I Ain’t Superstitious

I do not like this:

It could be a fresh take on a classic but it fails. It’s not Jack White’s fault. He sounds great, stuttering and raunchy and just a little sloppy. The singing is OK but perfunctory, neither adding nor subtracting. It’s the drums that ruin it. Unless you go for arrhythmic rhythms. I don’t.

Here’s a better sloppy version of the same tune, JT in his later days:

Andy Towns of the Slumlords said of him many years ago, “Johnny’s like an old ex-champ boxer. Once every 10 or 12 shows he gets up off the mat and shows everyone who’s boss one more time.”

I can’t tell you how pissed off I used to get when Johnny played a show and was too fucked up to play. That started in the late 70s. Eyes rolling in his head, he couldn’t even get the words out, abscessed and evil. I don’t use the word lightly, his attitude was “I’m a fucked human being and I’m bringing everyone down with me.” While I never exactly idolized Johnny, I was a huge admirer of everything he put into his music. To watch him turn to shit, and not give a shit, just broke my heart.

He had the best instincts – playing, singing and songwriting – of any rocknroller ever, and early Elvis is the only serious competition. I always thought the ultimate band would be Johnny, Elvis, Jerry Lee Lewis on piano, Steve Jones on rhythm guitar and what the hell, James Jamerson and Benny Benjamin on bass and drums. I wonder if it’s possible to use technology to assemble a real song with that band. I’ll ask around.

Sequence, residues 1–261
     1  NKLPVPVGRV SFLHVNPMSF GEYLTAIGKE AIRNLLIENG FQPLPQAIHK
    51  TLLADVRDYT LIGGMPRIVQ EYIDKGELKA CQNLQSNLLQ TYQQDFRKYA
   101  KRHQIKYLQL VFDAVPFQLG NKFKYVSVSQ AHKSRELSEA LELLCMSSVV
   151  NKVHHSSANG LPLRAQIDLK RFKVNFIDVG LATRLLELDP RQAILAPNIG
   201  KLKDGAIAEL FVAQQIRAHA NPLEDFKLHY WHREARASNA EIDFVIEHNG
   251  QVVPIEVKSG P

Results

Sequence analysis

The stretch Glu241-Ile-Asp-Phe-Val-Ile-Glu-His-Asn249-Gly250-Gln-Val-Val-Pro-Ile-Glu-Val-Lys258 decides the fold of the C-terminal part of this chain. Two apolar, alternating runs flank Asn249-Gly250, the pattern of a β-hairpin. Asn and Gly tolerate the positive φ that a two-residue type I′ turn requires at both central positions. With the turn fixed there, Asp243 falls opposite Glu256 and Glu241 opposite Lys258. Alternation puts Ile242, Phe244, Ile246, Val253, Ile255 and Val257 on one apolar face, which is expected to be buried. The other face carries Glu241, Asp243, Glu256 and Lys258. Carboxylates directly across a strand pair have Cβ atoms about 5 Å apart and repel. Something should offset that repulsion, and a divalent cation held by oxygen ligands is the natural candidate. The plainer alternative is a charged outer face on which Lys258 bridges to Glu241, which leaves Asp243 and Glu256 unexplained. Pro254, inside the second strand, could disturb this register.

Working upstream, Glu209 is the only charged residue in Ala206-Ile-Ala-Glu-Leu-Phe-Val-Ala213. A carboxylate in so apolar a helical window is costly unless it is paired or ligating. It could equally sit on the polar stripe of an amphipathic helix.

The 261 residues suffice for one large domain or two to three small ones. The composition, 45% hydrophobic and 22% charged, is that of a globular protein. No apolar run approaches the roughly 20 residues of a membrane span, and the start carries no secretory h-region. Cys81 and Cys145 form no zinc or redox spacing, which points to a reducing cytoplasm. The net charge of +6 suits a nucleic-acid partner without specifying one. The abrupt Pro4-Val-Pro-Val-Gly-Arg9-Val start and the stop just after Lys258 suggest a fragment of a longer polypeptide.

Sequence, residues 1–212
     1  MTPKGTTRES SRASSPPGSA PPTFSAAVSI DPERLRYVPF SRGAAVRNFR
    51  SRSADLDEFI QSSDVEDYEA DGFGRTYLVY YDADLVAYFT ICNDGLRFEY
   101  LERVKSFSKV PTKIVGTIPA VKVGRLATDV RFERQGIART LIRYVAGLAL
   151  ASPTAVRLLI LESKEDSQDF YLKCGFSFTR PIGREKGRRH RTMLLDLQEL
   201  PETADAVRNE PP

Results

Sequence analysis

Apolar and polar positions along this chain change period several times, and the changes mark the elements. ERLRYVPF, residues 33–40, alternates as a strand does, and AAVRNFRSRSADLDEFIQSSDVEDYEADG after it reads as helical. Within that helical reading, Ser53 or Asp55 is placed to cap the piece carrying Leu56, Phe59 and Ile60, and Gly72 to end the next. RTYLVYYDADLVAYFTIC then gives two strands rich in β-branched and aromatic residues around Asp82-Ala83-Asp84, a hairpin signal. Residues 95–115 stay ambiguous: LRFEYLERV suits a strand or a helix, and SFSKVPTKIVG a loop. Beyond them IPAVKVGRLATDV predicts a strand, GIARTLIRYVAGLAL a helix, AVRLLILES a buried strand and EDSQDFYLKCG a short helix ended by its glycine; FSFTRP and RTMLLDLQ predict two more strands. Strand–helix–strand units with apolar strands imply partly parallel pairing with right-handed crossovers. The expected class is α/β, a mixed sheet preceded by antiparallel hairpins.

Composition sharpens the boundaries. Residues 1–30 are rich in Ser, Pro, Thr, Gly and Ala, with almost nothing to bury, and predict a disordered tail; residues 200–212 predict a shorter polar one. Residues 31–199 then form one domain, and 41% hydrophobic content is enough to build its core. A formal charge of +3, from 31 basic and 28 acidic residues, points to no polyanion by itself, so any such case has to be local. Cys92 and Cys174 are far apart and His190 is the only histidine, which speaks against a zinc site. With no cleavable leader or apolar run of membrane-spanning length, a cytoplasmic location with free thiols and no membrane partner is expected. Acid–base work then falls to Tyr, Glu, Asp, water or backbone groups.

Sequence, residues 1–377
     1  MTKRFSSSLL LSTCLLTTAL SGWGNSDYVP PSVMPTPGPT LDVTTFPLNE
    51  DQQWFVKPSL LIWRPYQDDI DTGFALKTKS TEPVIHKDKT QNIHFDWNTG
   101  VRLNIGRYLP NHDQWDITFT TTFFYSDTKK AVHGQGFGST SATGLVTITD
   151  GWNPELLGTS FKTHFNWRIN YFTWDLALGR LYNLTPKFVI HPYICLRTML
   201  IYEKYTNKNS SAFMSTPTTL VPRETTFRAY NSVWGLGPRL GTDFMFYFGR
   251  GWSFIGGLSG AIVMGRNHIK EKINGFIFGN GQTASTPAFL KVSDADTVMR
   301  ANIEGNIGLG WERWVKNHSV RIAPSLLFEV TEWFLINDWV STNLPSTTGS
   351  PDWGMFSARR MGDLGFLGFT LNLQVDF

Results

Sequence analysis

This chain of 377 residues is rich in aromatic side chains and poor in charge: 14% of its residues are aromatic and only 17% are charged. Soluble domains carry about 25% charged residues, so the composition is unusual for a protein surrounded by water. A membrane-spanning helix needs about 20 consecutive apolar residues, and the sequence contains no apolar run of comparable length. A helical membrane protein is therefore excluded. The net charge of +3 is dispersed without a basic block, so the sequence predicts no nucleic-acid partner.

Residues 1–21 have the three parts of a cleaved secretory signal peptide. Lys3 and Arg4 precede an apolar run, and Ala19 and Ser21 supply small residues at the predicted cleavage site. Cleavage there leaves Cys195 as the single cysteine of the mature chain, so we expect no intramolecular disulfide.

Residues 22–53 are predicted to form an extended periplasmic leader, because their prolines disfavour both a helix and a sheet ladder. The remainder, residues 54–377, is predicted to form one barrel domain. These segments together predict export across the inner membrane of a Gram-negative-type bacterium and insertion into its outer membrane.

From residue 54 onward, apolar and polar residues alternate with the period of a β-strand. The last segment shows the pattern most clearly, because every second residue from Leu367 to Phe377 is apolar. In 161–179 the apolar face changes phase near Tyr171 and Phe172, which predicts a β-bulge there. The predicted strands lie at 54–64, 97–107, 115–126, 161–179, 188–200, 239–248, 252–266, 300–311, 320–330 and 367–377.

There are many other versions of I Ain’t Superstitious of course. Here is what I think is the original – who the hell really knows – by the incomparable Howlin Wolf. This is not one of Wolf’s great performances sez me, but it’s earth-shaking by normal standards:

4 thoughts on “I Ain’t Superstitious

  1. I hate to say as much as I dig Jack White, and even the Stripes, I have never been a fan of Meg’s heavy handy pounding (odd that Karen Carpenter was a much better drummer despite her genre being so different).

    To me one of the essentials of great rock drumming is to get that hard snare pop (like Stewart Copeland, for example) on the one and the three.

    Meg never ever seemed to get that. And, while I understand Jack sort of tutoring her to be his drummer, well, enough said.

    So, I am so with you Gene!

    • The curious thing to me about these three clips is that not one of them seems to nail the song.

      Criticizing Meg White for her drumming is silly. Jack White owns his sound and had a very serious reason (perhaps color coordinated) why Meg was playing drums in the White Stripes. Since the track under discussion was never released and the band became iconic, Jack White wins that one more by misdirection than some rather weak aesthetic choices.

      That said, the Thunder version sounds good to me, but the audience is clearly biding their time. And Johnny isn’t killing the crowd.

      And I found this Howling Wolf version, which must come from the London Sessions, but I only say that because of Youtube referrals rather than real history. http://youtu.be/DVlHYPi6AuA

  2. I will criticize the drums because they suck. I had no idea who was playing but now that I know I’ll call it Yoko Ono Syndrome. I agree that none of these versions really nails the song, or the London Sessions version. I don’t think that the song has ever really been nailed on record, including the Jeff Beck/Rod Stewart version, which was where I first heard it. That is a GOOD version tho.

  3. I wasn’t saying the drums didn’t suck, just that putting it on the drummer and praising Jack White misses the point that the whole show was Jack White’s. Praise and criticism are rightly his. It is his fault.

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